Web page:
Read This Book: The Bridge To Take When Things Get Serious by Lori Jakiela

LJ's book

In Lori Jakiela’s second memoir, The Bridge To Take When Things Get Serious, she writes near the beginning,  “Whatever our problems, my mother has always made it clear she loves me.  And I love her, desperately, in the way that daughters with fierce mothers often do.  I can’t separate my life from hers.”

It’s this fierceness — both in language and in characterization that shines in this book, which chronicles Jakiela’s return to her hometown after living in New York City for seven years while working as a flight attendant.  On the home front, she takes care of her dying mother, struggles to find herself as a writer, and finds love that begins a new part of her life as both a wife and a mother.

Jakiela’s book runs the gamut of emotions: readers will laugh when her mother, (who is old and not physically well) attacks a garter snake in the front yard convinced that it’s a copperhead:  “She jumps back and brings the shovel down again, this time on the snake’s lispy skull.  My mother has never looked stronger or more determined in her life.”   Readers will flinch, when in an emotional scene, her mother strikes out, seemingly ashamed at the news that her daughter is pregnant out of wedlock

And readers will cry when Jakiela herself mourns the loss of her mother. In one of the most heartfelt scenes (but a scene that Jakiela carries off without sentimentality) she talks about her son’s reaction to this death, explaining that he often plays with an old phone to talk to his deceased grandmother :

Sometimes, he’ll come and get me to play too.

                    “My old grandma, ” he’ll say.  “She wants to talk to you. He’ll say, “My old grandma’s on the phone.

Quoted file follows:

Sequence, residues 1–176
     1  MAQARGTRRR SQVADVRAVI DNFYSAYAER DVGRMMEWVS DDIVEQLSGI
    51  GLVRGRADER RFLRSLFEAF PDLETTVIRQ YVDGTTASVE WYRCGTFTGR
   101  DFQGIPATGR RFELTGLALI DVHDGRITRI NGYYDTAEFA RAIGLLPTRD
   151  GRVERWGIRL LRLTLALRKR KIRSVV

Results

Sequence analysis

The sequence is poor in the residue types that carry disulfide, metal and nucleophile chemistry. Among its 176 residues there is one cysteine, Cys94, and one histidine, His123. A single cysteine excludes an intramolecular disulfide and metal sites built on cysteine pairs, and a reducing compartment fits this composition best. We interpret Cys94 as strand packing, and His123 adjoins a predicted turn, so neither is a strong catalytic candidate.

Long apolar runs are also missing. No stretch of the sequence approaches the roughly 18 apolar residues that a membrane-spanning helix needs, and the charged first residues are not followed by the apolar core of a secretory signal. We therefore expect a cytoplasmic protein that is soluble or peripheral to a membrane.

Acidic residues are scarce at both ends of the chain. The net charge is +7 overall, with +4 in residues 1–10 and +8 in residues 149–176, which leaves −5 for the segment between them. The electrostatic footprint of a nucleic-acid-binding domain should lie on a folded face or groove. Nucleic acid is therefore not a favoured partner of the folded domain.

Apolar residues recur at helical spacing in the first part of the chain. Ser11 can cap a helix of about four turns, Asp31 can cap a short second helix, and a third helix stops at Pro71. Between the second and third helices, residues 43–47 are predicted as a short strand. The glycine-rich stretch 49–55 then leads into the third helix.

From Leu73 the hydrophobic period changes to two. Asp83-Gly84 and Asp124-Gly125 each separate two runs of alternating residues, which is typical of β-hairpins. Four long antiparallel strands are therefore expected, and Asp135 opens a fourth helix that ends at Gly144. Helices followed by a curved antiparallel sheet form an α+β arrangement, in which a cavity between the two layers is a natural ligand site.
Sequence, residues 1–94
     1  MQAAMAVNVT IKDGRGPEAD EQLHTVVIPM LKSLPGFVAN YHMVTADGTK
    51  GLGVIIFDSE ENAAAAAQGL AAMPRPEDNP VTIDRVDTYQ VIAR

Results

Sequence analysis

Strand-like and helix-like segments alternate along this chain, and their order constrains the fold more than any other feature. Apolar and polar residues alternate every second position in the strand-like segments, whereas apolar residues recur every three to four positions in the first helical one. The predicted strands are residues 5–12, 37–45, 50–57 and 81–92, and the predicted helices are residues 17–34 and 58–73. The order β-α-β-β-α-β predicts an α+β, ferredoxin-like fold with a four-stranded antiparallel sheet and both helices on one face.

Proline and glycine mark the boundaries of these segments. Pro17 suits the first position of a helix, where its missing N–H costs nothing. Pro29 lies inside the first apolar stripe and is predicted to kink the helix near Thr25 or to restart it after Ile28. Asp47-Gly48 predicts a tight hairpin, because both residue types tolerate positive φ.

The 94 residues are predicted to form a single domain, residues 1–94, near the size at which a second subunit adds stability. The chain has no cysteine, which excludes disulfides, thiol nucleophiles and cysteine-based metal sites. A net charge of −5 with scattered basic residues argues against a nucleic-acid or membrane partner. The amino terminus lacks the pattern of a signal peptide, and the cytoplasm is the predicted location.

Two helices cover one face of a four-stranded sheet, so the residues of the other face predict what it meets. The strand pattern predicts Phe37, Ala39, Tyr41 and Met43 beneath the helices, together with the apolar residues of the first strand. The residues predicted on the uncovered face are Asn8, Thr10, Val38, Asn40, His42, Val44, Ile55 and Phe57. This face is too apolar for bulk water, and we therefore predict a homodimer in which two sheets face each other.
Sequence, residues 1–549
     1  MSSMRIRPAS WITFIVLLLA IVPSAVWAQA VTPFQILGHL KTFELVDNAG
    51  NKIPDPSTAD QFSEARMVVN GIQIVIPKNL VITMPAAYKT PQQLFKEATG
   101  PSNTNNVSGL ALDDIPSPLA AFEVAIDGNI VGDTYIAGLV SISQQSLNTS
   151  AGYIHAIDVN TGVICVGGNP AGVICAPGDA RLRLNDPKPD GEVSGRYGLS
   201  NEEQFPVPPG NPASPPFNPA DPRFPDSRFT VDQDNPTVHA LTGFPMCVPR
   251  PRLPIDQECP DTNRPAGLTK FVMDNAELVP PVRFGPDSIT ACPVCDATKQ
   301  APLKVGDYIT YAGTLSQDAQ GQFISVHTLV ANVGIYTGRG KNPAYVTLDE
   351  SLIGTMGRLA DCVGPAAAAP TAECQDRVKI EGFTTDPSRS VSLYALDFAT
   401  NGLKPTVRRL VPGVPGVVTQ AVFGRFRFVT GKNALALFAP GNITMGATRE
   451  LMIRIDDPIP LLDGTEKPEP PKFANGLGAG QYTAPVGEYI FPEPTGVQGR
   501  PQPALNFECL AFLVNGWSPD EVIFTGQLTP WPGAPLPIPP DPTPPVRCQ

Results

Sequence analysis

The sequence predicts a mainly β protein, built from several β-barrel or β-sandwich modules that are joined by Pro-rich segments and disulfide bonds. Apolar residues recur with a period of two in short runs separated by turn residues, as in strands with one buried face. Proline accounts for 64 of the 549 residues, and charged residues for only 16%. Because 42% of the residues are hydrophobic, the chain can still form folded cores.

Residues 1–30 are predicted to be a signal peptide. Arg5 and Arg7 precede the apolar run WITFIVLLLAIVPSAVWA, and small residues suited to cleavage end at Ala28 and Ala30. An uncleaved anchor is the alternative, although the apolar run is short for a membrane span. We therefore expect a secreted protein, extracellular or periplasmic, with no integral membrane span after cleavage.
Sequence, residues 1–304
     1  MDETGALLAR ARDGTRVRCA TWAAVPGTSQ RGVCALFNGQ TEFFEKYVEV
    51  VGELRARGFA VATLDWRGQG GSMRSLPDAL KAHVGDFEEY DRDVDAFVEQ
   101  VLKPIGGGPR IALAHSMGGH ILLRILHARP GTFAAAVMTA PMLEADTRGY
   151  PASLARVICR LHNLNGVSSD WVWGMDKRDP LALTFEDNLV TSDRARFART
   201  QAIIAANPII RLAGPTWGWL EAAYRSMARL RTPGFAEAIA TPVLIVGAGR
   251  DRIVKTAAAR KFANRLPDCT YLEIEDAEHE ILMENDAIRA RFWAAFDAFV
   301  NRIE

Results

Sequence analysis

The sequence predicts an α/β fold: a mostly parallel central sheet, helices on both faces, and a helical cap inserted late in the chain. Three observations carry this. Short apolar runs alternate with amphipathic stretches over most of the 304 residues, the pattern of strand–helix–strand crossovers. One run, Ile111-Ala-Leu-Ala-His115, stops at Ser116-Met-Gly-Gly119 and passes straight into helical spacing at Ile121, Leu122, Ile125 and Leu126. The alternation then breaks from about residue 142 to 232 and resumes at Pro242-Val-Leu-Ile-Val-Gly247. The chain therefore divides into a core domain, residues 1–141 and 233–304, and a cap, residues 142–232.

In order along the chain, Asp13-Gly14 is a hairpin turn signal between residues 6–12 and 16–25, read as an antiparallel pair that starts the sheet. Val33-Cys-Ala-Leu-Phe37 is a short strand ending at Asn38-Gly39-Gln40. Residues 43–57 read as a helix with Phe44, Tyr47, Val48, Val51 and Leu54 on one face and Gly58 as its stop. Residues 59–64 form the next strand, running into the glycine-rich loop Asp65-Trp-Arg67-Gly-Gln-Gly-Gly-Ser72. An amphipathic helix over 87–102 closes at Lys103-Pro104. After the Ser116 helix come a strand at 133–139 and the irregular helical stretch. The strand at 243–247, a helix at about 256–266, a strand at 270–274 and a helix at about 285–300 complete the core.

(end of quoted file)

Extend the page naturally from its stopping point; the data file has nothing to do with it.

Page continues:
Boy, are you going to get it.”

Sometimes, I pick up.

I say, “Hi Mom.” I say. “Where’ve  you been?”

I say, “Locklin’s good.  He misses you.”

I say, “This skirt does not make me look fat.”

I say, “I love you, too.”

I say, “Goodbye.”

The Bridge To Take When Things Get Serious is an exploration of loss and grief, but it’s also an exploration of what it takes to move on after someone who has always been part of your life is gone. Indeed, Jakiela quotes a friend in her memoir, a wise friend who says, “When you lose your mother, you have to remake yourself.”  I lost my own mother over five years ago,  I think about this line a lot — what parts of me disappeared when my mother died?  How have I changed?  How I have not changed and why?  How have I remade myself?  Jakiela’s answer to her friend, one she records for the reader is this: “I can’t understand this. I never want to understand this.”  And we watch as Jakiela is forced to understand her loss and move on with her own life.

For more information about this book (and other work by Jakiela) visit Lori Jakiela’s blog/website.

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